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Advancing HIV Prevention: New Strategies for a Changing Epidemic

Courtesy cdc.gov

The Centers for Disease Control and Prevention’s new initiative, Advancing HIV Prevention: New Strategies for a Changing Epidemic, is aimed at reducing barriers to early diagnosis of HIV infection and, if positive, increasing access to quality medical care, treatment, and ongoing prevention services. The initiative emphasizes the use of proven public health approaches to reduce the incidence and spread of disease. As with other sexually transmitted diseases (STDs) or any other public health concern, principles applied to prevent disease and its spread will be used, including appropriate routine screening, identification of new cases, partner counseling and referral services, and increased availability of sustained treatment and prevention services for those infected.1

CDC’s HIV prevention activities over the past two decades have focused on helping uninfected persons at high risk for HIV change and maintain behaviors to keep them uninfected. Despite these efforts, the number of new HIV infections is estimated to have remained stable and the number of persons living with HIV continues to increase.

The new initiative capitalizes on new rapid test technologies, interventions that bring persons unaware of their HIV status to HIV testing, and behavioral interventions that provide prevention skills to persons living with HIV.

Advancing HIV Prevention: New Strategies for a Changing Epidemic

The next decade promises new hope as three primary areas of HIV prevention are emphasized:

  • Early detection of persons who are HIV positive and referral to care services

  • Prevention interventions with persons living with HIV

  • Prevention with persons who are at high risk for HIV infection

CDC, other federal agencies, and the HIV prevention community will continue their work to help ensure prevention efforts in these three areas are sustained and reenergized as an integrated approach. This broad scope will bring the best prevention science to the fight against HIV/AIDS to reduce HIV transmission.

An emphasis on greater access to testing and on providing prevention and care services for persons living with HIV can reduce new infections and lead to reductions in HIV associated morbidity and mortality.2,3 In addition, simplifying prenatal and other testing procedures can lead to more effective use of CDC resources to help prevent prenatal and other HIV transmission.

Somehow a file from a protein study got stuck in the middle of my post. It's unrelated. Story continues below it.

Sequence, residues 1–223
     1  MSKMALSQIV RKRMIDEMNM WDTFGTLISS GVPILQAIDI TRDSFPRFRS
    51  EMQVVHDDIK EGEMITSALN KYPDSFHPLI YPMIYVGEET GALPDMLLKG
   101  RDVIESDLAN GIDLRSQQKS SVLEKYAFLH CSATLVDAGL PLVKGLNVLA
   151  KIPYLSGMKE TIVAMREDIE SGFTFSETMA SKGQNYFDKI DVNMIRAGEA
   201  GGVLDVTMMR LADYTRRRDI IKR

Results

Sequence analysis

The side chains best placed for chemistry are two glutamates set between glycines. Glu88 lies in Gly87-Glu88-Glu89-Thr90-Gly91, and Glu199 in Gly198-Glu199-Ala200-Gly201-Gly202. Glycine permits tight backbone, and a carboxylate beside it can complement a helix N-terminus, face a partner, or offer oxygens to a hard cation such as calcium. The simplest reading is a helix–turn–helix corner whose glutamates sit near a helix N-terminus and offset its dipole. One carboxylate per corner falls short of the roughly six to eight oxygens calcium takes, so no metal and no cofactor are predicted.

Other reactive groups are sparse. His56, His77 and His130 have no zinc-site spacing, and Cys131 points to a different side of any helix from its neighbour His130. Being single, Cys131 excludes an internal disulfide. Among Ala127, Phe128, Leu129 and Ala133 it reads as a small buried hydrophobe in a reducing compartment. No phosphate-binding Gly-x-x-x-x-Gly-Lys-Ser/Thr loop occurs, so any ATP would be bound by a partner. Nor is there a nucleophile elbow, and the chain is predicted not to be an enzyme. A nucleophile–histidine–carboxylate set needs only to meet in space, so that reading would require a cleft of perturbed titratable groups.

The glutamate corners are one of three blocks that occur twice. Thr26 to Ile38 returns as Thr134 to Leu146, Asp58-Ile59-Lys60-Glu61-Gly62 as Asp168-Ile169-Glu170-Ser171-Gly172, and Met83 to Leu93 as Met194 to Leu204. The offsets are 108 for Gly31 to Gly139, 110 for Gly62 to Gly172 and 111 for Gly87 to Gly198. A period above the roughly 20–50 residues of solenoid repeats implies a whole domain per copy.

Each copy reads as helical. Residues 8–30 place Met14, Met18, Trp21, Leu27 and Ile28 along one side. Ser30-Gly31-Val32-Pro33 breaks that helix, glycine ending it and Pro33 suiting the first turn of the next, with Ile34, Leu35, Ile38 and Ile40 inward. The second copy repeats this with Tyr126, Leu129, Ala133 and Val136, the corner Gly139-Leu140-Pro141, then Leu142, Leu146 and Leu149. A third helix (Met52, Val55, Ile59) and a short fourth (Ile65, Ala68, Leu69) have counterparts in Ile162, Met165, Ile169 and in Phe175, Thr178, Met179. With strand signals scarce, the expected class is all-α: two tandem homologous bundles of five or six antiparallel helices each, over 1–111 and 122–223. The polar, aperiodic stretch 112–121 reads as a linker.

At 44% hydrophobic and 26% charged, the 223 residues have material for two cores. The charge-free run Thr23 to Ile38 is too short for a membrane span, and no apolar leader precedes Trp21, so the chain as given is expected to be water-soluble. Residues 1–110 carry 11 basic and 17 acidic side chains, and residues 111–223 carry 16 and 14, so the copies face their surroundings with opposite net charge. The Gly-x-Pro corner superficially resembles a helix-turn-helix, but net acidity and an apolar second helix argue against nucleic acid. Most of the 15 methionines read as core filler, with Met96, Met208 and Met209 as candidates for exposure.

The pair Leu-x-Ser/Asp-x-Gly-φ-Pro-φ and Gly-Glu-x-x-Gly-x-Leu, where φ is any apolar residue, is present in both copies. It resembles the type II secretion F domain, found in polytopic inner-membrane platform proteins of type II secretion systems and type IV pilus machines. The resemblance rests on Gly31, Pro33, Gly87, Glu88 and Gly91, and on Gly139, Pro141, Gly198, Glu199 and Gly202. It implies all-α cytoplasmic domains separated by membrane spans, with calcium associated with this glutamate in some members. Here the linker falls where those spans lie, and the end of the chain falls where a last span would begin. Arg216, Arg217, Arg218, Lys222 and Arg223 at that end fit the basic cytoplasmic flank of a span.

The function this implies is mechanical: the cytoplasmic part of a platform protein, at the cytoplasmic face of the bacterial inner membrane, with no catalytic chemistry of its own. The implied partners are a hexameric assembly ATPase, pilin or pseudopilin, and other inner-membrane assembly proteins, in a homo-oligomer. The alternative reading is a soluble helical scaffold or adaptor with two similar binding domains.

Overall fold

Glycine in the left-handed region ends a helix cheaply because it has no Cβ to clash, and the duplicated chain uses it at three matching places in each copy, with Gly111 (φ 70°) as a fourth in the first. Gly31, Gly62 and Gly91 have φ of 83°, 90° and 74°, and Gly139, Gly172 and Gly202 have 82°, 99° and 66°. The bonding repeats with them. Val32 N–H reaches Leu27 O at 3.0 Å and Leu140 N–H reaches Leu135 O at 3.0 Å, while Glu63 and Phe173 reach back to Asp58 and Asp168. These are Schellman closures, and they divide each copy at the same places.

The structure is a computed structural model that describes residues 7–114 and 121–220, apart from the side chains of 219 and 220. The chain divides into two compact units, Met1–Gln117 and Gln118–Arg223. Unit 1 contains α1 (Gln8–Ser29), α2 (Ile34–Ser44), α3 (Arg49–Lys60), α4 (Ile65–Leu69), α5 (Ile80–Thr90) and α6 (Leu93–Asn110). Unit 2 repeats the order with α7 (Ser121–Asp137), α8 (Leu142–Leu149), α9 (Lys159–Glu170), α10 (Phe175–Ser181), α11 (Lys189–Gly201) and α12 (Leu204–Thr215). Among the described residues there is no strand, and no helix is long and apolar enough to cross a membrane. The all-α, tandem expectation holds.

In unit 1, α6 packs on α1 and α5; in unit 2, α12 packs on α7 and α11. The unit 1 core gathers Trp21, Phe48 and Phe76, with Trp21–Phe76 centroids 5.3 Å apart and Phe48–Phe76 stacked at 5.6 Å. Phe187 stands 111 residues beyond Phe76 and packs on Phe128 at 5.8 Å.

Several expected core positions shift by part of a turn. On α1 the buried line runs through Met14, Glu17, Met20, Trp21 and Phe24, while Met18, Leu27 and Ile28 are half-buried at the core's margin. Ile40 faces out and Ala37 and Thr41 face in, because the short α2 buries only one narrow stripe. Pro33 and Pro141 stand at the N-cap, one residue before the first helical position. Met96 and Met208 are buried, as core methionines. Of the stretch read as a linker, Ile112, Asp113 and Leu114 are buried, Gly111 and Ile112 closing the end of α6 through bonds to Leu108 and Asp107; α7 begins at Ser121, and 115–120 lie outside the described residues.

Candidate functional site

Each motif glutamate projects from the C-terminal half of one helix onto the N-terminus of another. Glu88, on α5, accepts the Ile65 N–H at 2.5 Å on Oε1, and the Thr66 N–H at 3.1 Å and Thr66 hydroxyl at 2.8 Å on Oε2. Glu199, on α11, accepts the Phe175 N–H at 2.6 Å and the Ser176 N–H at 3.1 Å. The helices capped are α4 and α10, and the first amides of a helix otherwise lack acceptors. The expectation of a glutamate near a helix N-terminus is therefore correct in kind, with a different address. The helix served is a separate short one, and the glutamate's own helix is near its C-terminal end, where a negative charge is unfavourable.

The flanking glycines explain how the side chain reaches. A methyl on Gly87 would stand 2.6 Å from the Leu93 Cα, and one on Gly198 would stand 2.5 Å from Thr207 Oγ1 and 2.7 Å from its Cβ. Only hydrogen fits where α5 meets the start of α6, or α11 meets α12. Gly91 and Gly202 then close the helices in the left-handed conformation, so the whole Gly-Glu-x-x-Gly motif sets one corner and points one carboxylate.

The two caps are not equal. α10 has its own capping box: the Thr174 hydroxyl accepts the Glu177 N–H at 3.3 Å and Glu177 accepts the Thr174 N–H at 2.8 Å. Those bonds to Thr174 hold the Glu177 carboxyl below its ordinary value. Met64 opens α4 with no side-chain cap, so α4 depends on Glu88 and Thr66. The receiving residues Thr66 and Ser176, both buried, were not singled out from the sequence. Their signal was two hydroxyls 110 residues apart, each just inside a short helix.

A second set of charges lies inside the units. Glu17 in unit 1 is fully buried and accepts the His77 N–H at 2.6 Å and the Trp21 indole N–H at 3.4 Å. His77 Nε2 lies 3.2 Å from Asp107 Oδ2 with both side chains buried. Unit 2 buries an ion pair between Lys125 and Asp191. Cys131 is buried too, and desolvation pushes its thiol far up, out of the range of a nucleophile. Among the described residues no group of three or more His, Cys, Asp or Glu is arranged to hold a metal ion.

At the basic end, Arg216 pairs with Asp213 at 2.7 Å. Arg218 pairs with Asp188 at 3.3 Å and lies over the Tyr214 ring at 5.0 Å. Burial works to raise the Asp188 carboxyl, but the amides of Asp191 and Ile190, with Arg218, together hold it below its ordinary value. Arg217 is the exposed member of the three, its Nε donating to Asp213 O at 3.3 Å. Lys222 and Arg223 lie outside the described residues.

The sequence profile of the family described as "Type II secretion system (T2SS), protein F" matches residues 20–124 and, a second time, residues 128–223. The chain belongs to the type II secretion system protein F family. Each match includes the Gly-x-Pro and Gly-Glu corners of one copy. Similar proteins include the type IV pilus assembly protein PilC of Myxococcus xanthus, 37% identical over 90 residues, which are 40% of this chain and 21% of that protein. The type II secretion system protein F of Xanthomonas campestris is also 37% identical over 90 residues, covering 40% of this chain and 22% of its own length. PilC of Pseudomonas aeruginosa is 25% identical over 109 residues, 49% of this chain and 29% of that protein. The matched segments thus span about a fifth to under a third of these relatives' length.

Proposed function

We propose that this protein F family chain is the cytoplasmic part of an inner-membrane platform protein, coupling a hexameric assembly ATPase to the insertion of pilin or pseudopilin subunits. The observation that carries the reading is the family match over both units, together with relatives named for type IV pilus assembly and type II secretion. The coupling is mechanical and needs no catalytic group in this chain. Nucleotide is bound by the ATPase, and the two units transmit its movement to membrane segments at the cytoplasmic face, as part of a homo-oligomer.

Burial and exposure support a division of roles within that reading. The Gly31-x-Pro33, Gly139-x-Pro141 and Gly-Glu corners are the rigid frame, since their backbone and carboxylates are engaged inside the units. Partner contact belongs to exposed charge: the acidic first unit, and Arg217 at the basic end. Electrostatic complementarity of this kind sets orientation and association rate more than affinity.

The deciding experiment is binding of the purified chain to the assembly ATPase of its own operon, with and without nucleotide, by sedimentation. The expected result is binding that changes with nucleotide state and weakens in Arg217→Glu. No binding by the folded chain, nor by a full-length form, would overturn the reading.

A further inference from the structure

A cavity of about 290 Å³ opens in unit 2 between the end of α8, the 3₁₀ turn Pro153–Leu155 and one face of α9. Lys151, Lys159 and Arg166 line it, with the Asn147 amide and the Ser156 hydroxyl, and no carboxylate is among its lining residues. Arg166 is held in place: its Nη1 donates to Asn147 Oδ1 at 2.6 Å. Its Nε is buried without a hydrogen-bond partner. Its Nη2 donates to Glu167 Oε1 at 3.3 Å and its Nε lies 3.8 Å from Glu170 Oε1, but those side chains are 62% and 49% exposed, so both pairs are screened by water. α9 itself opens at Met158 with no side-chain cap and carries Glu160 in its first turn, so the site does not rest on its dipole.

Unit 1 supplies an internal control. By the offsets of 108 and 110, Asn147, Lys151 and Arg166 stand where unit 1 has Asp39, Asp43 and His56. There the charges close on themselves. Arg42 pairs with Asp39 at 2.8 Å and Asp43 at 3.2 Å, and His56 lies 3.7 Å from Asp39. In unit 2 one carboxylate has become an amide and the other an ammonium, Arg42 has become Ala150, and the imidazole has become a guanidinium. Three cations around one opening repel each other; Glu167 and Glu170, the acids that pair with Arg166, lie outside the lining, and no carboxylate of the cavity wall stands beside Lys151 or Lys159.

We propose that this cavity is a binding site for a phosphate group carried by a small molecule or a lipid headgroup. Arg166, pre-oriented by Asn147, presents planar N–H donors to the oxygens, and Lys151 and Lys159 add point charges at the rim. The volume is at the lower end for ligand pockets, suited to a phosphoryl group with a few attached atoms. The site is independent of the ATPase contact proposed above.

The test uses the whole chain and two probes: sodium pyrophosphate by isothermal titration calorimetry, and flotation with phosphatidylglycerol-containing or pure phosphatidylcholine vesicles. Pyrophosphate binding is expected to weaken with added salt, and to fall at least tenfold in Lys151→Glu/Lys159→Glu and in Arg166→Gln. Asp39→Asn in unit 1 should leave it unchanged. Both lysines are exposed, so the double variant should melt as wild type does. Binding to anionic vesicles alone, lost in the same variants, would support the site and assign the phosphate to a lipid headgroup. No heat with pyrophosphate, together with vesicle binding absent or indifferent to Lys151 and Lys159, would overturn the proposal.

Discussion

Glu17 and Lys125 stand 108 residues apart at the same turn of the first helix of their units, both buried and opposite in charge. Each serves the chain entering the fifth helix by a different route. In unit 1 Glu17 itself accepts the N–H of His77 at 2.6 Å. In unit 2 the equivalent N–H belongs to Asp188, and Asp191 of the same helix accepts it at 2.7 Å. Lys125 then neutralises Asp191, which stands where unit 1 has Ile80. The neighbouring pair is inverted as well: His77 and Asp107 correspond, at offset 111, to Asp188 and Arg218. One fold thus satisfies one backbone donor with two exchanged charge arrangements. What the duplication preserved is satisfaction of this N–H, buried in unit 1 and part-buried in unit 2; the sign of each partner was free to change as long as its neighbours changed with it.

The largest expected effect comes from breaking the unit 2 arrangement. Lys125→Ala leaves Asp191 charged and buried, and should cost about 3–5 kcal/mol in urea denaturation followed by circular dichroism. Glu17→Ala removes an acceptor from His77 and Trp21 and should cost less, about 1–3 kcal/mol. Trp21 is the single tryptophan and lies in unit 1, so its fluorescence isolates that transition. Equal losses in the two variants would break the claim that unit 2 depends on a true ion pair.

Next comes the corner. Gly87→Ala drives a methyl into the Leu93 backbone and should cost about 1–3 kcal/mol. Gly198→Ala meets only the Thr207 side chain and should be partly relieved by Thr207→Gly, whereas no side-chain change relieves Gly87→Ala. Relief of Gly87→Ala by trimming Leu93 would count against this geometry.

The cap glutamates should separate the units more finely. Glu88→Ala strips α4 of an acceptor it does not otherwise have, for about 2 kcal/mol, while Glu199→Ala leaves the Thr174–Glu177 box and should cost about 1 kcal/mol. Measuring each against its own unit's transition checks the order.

The initiative consists of four key strategies:

  • Make HIV testing a routine part of medical care. CDC will work with professional medical associations and other partners to ensure that all healthcare providers include HIV testing, when indicated, as part of routine medical care on the same voluntary basis as other diagnostic and screening tests.

  • Implement new models for diagnosing HIV infections outside medical settings. CDC will fund new demonstration projects using OraQuick®, a rapid HIV test recently approved by the U.S. Food and Drug Administration for use in clinical and non-clinical settings, to increase access to early diagnosis and referral for treatment and prevention services in high-HIV prevalence settings, including correctional facilities.

  • Prevent new infections by working with persons diagnosed with HIV and their partners. CDC in collaboration with the Health Resources and Services Administration (HRSA), the National Institutes of Health, and the HIV Medical Association of the Infectious Diseases Society of America, has published the Recommendations for Incorporating HIV Prevention into the Medical Care of Persons with HIV Infection. These groups will work to disseminate this document to a variety of health care providers.

  • Further decrease perinatal HIV transmission. CDC will promote recommendations and guidance for routine HIV testing of all pregnant women, and, as a safety net, for the routine screening of any infant whose mother was not screened. CDC will work with prevention partners, including the American College of Obstetricians and Gynecologists, the American Academy of Pediatrics, the American Academy of Family Physicians, and the American College of Nurse-Midwives, to disseminate the recommendations and support their implementation.

CDC will monitor the implementation of these new activities through several systems, including new performance indicators for state and local health departments and CBOs, monitoring HIV incidence, and expanding its surveillance system by implementing a national behavioral surveillance system.

References

1. CDC. Advancing HIV prevention: New strategies for a changing epidemic. MMWR 2003;52:329-332

2. Janssen RS, Holtgrave DR , Valdiserri RO, Shepherd M, Gayle HD, DeCock KM. The serostatus approach to fighting the HIV epidemic: Prevention strategies for infected individuals. Am J Pub Health 2001;91:1019–1024.

3. Institute of Medicine . No time to lose: Getting more from HIV Prevention. Washington , DC : National Academy Press, 2001.

For more information on CDC’s New Initiative, visit the Divisions of HIV/AIDS Web site on Advancing HIV Prevention www.cdc.gov/hiv/partners/ahp.htm.

For information on HIV/AIDS, call CDC’s HIV/AIDS Hotline
1
-800 – 342-AIDS (2437) - English
1-800– 344-SIDA (7432) - Spanish
or
call
CDC’s National Prevention Information Network at 1-800-458-5231 for information and materials on HIV/AIDS.

 

 

 

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